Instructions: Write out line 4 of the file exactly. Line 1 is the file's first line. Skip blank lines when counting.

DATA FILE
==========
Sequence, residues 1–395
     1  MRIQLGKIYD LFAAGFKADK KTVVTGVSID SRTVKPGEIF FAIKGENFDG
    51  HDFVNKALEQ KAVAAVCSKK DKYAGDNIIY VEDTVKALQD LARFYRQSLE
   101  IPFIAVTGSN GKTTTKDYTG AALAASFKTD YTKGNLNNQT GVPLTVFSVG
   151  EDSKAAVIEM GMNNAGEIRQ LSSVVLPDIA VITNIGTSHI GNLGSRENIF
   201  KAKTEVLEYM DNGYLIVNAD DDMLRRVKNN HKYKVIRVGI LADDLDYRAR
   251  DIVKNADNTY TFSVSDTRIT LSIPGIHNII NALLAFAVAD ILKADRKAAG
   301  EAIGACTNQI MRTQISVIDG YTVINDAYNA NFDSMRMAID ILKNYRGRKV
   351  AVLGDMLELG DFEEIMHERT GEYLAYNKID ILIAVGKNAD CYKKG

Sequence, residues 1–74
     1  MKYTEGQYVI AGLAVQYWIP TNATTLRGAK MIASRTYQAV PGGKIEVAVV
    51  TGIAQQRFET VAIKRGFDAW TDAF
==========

   101  IPFIAVTGSN GKTTTKDYTG AALAASFKTD YTKGNLNNQT GVPLTVFSVG